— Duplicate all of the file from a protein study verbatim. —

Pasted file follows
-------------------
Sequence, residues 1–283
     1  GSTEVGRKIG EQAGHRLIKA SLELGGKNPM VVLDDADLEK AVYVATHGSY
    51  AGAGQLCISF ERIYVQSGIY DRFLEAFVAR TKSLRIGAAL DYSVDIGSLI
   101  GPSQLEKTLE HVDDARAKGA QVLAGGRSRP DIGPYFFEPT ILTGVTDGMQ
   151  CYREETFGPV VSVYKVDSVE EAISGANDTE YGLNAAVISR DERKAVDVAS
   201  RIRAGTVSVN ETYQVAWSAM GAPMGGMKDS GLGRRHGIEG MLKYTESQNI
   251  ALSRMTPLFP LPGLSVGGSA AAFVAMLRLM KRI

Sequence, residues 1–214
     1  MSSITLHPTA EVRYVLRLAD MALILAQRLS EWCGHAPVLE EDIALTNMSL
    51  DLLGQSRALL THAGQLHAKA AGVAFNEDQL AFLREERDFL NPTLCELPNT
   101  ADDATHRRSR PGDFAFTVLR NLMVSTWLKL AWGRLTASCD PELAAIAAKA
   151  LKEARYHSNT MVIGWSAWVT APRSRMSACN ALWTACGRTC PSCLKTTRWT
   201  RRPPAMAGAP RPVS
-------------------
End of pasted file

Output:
Sequence, residues 1–283
     1  GSTEVGRKIG EQAGHRLIKA SLELGGKNPM VVLDDADLEK AVYVATHGSY
    51  AGAGQLCISF ERIYVQSGIY DRFLEAFVAR TKSLRIGAAL DYSVDIGSLI
   101  GPSQLEKTLE HVDDARAKGA QVLAGGRSRP DIGPYFFEPT ILTGVTDGMQ
   151  CYREETFGPV VSVYKVDSVE EAISGANDTE YGLNAAVISR DERKAVDVAS
   201  RIRAGTVSVN ETYQVAWSAM GAPMGGMKDS GLGRRHGIEG MLKYTESQNI
   251  ALSRMTPLFP LPGLSVGGSA AAFVAMLRLM KRI

Sequence, residues 1–214
     1  MSSITLHPTA EVRYVLRLAD MALILAQRLS EWCGHAPVLE EDIALTNMSL
    51  DLLGQSRALL THAGQLHAKA AGVAFNEDQL AFLREERDFL NPTLCELPNT
   101  ADDATHRRSR PGDFAFTVLR NLMVSTWLKL AWGRLTASCD PELAAIAAKA
   151  LKEARYHSNT MVIGWSAWVT APRSRMSACN ALWTACGRTC PSCLKTTRWT
   201  RRPPAMAGAP RPVS